Sunday, August 06, 2006

Natalee Holloway Civil Case: Not in New York.

Back in March I posted THIS POST about the civil case filed by the parents of Natalee Holloway. As I noted then, the problem seemed to be that the parents are from Alabama, suing two men from Aruba, for actions they believe occurred in Aruba, and using Alabama law. But the suit was filed in New York state court.

As TalkLeft has reported, the judge in New York has granted the motion to dismiss, concluding that New York is, in fact, not the appropriate forum for this case. According to CBS News Online:

The lawsuit was dismissed by Judge Barbara Kapnick, who said it shouldn't have been filed in Manhattan. She rejected an argument that if the case were filed in Aruba, it would prompt a media frenzy that could interfere with the investigation.

Kapnick said taxpayers shouldn't have to pay for a case "when their interest in the suit... is so ephemeral."


Blogger rephioh said...

Several claims for jurisdiction were made by the H/T family's attorney, according to reports. One claim was that the VDS family had come to New York City to do business with the network that had invited them. They were to be paid for their appearance; they were not merely tourists. That seems to be a good hook for jurisdiction. Did Justice Kapnick igore it?

5:01 PM  
Blogger Kierkegaard Lives said...

The issue of personal jurisdiction over non-residents is always a very complicated matter, even in more "run of the mill" cases. The question usually turns on a determination of the significance of one's contacts with the forum state (here New York), and is never simply a matter of getting paid for an appearance or merely visiting/tourist.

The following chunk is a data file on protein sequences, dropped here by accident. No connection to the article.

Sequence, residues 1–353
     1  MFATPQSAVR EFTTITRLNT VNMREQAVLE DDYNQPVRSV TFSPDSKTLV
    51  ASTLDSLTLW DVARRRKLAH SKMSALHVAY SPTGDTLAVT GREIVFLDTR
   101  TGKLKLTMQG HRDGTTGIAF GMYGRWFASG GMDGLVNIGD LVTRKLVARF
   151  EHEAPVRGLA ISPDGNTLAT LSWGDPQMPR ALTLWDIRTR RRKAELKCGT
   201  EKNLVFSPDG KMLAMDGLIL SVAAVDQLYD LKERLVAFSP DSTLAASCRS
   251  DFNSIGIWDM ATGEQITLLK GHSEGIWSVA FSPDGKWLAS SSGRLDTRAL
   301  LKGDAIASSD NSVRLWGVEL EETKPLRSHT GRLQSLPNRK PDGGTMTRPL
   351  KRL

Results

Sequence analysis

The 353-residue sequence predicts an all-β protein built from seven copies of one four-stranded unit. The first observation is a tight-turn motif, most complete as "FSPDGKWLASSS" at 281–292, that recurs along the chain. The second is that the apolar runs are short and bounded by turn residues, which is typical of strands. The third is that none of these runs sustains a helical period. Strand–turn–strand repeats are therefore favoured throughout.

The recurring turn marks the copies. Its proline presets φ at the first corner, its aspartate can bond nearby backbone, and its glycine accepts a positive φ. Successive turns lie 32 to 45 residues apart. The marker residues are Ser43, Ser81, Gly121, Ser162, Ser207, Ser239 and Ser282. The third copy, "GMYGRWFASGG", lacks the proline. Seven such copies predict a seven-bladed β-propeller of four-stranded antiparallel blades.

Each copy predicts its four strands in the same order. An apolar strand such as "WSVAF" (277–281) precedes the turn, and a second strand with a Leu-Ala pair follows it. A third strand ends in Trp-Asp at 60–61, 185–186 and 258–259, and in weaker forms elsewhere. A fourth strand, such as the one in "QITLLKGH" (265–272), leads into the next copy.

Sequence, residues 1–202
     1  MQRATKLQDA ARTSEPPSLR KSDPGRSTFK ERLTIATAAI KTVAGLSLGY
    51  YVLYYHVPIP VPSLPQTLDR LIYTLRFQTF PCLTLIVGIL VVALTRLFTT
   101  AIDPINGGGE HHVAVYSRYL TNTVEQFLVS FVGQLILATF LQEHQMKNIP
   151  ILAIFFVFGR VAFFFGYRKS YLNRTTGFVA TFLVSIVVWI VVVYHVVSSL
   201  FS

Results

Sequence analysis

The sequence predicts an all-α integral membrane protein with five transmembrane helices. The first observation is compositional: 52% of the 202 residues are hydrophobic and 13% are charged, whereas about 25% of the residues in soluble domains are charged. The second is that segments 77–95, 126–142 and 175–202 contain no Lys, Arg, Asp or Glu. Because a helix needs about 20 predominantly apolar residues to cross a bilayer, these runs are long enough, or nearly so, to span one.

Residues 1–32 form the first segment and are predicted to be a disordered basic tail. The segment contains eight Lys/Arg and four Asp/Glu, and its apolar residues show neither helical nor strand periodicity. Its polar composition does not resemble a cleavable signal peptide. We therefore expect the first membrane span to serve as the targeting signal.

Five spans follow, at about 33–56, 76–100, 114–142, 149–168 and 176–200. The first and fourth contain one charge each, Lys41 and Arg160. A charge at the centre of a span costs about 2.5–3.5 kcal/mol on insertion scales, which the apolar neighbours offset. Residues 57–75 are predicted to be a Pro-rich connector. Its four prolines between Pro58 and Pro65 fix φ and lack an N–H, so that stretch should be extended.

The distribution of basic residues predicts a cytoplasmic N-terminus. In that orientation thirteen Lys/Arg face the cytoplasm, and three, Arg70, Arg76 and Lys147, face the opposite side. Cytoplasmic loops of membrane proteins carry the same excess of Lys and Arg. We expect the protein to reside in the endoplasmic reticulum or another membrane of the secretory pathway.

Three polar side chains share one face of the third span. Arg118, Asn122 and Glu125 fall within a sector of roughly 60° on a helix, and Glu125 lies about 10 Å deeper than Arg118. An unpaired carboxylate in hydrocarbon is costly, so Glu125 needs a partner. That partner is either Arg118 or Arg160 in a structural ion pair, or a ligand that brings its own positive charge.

I have not yet seen a copy of the actual order anywhere, so I can't comment on whether Justice Kapnick ignored this alleged basis for jurisdiction. However, I do know that personal jurisdiction often requires a consideration of a number of factors, that include the significance of relationship with the forum state generally, as well as the relationship between the jurisdiction and the particular lawsuit itself. In this case, New York literally had absolutely no connection at all to the lawsuit, to any of the evidence or witnesses, or to the plaintiffs. Assuming that you are correct that the VDS family was there for "business," there may have been some tangential relationship between New York and the VDS family, but if this was a sort of "one time" deal, or "first time" deal or very limited relationship, it likely is not enough to justify taking personal jurisdiction for this suit.

10:17 PM  

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